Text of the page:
by Chandrakant Rai
July 4, 2017
In this blog post we will see how to setup a simple AWS infrastructure using Terraform. Any company moving their infrastructure to a Cloud provider, would like to setup their infrastructure as code which would give them immutable infrastructure and allow them to use deployment strategies like Canary Deployment or Blue-Green Deployment which are more apt strategies for deployment on Cloud. Terraform is a tool by HashiCorp which helps in achieving this goal. The same setup could be automated using Python & native AWS Boto library but Terraform has no cloud provider vendor lock in and could be easily used for different cloud provider like Azure, Google Cloud, Rackspace etc if any organization has multi-cloud provider setup.
This is a very simple AWS setup in which we will
Terraform is distributed as a zip archive that supports multiple platforms and architectures. We will be installing the Windows 64-bit package and unpack it under C:\terraform folder. Ensure the single “terraform” executable is present in the folder. Add the folder to PATH variable and verify the installation by opening a new terminal session and typing “terraform”
For the pre-requisite setup, we have created a user “aws_terraform” with admin privileges and got the access key id and secret key for that user.
As first step create aws.tf file (Terraform resource template file) under “C:\terraform\AWS” folder with following details. The ami we used below is for Red Hat Enterprise Linux 7.3 provided on AWS marketplace and the instance type we are going to spin up is a t2.micro instance. For the access_key and secret_key use the values of the user created above.
Validate the terraform file by running “terraform plan” command. Once we are satisfied with the output we can use “terraform apply” command to create the aws resource and validate in aws dashboard that ec2 instance of t2.micro using RHEL ami image have been created.
Output of “terraform apply” command:
Also validate in AWS EC2 dashboard that the instance has been create and it is up and running.
To add a name to your instance, modify your aws.tf file and add tag to EC2 instance and run the “terraform apply” command. Note that the EC2 instance now have name added.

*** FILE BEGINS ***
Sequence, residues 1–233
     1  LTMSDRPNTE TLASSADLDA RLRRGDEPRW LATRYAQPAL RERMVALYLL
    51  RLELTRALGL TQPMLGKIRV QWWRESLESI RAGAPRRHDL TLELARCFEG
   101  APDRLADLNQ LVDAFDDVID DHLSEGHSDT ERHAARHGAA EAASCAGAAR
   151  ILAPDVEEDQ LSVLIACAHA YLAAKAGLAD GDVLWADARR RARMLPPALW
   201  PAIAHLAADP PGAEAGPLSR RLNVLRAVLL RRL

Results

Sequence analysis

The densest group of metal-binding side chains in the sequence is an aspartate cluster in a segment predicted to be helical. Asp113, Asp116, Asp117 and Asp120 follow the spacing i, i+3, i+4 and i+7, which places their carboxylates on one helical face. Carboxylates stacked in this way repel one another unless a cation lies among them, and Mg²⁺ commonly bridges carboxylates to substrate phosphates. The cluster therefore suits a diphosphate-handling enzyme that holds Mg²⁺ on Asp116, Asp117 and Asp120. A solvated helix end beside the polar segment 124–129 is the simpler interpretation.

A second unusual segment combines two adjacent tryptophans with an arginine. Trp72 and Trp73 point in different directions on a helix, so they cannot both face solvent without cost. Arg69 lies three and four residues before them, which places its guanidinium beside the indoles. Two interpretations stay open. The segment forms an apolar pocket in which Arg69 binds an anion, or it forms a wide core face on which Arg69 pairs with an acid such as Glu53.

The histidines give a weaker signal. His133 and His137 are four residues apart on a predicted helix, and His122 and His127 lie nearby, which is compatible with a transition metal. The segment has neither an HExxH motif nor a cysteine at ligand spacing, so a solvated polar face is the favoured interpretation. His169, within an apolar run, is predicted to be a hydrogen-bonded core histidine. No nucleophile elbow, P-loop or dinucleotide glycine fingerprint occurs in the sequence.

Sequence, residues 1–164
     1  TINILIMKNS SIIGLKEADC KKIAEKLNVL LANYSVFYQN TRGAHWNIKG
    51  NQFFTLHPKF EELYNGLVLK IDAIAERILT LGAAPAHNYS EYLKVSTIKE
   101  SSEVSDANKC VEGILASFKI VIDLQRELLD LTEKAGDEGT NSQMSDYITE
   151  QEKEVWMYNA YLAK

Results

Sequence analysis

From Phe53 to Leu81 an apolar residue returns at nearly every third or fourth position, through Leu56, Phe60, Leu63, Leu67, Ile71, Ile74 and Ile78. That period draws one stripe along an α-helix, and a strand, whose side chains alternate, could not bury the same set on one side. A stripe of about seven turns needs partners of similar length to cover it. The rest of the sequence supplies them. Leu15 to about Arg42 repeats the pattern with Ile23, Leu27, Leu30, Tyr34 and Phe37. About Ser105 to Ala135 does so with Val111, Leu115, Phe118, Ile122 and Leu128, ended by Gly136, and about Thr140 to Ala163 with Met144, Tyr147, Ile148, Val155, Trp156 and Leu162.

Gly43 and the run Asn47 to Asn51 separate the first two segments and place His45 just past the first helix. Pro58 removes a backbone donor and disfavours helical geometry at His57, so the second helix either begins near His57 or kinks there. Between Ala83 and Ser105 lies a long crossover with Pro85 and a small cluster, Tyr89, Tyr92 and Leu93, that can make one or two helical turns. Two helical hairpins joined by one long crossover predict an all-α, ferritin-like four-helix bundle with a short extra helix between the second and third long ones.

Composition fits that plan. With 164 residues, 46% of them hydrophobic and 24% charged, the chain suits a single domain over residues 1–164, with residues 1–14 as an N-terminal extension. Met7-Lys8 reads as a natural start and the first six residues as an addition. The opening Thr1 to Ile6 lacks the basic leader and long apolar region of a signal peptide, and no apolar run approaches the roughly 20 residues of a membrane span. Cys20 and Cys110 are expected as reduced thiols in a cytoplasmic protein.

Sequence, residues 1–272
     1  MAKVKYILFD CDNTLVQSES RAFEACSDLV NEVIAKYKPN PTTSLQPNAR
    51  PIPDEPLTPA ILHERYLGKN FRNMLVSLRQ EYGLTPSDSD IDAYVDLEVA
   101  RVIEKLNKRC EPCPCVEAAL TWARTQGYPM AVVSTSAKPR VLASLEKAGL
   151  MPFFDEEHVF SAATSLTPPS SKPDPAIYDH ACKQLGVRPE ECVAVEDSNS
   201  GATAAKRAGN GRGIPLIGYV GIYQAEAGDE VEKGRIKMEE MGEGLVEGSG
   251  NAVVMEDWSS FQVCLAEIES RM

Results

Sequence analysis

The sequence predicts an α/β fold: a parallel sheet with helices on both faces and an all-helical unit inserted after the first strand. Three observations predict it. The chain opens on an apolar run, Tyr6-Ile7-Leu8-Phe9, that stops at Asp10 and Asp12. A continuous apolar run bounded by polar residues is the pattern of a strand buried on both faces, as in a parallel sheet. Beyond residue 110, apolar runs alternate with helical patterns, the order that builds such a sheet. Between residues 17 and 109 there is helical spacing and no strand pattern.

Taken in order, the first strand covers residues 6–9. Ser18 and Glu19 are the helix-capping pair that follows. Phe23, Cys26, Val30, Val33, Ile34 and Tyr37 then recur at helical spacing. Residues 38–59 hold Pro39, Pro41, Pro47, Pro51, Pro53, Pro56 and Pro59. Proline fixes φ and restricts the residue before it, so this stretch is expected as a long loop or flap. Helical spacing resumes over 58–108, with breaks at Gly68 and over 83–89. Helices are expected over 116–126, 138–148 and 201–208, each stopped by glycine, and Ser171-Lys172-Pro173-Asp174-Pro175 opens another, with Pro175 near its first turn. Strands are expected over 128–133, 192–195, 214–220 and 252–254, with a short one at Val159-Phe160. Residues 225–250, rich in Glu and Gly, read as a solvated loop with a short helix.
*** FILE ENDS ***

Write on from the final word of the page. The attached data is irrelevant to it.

If you are following Canary deployment practice in your Cloud setup, you could easily spin up new infrastructure and application stack from the terraform module and redirect traffic to new infrastructure and application stack setup via AWS LB and destroy the old setup by running “terraform destroy” command. The old instance would be in terminated state after running the destroy command. For example, below we spin up new instance version 2.0 and destroyed old instance.
If you note the output of the “terraform apply” command above, it says “The state of your infrastructure has been saved.” It generates a “terraform.tfstate” which store the state/record of our AWS infrastructure. It is a JSON format file with record of our current infrastructure created via Terraform. If it is a demo terraform project storing this state file on our local drive is fine, but if you are going to use Terraform for a real setup then state files should be stored on shared storage, the recommended shared storage is AWS S3. Below we will show how to configure AWS S3 bucket and which can be used to store Terraform state files (This remote state storage feature is part of Terraform Enterprise).
To create S3 bucket we have modified aws.tf file to add a “aws_s3_bucket” resource and run the same “terraform plan” and “terraform apply” command. Modified aws.tf file is shown below. Once the S3 bucket is created we can configure terraform (only if enterprise version is used) to use it as remote storage for its state files. We have also enabled versioning on the S3 bucket, as shown below in the aws.tf file (Note: S3 bucket names have to be unique and follow the AWS convention).
Validate in AWS console that the bucket has been created. Once validate we can configure terraform to use it to store state files. We will show the command which can be used to configure terraform (But can’t show the result as we are currently using community version of Terraform)
To configure this bucket to be used as remote state storage for Terraform Enterprise, run the command below and state files will show up under that S3 bucket as shown below (In our case we have manually updated the state file to S3 bucket).
This was a short introduction to terraform and how to use it to automate aws infrastructure setup, if you would like to read up more about this nifty tool, gruntwork blog (mentioned in references section) has detailed articles written by Yevgeniy Brikman who is the author of the book “Terraform: Up & Running”, also the terraform documentation has detailed documentation for each Cloud provider and all the parameters which could be used in terraform resource file.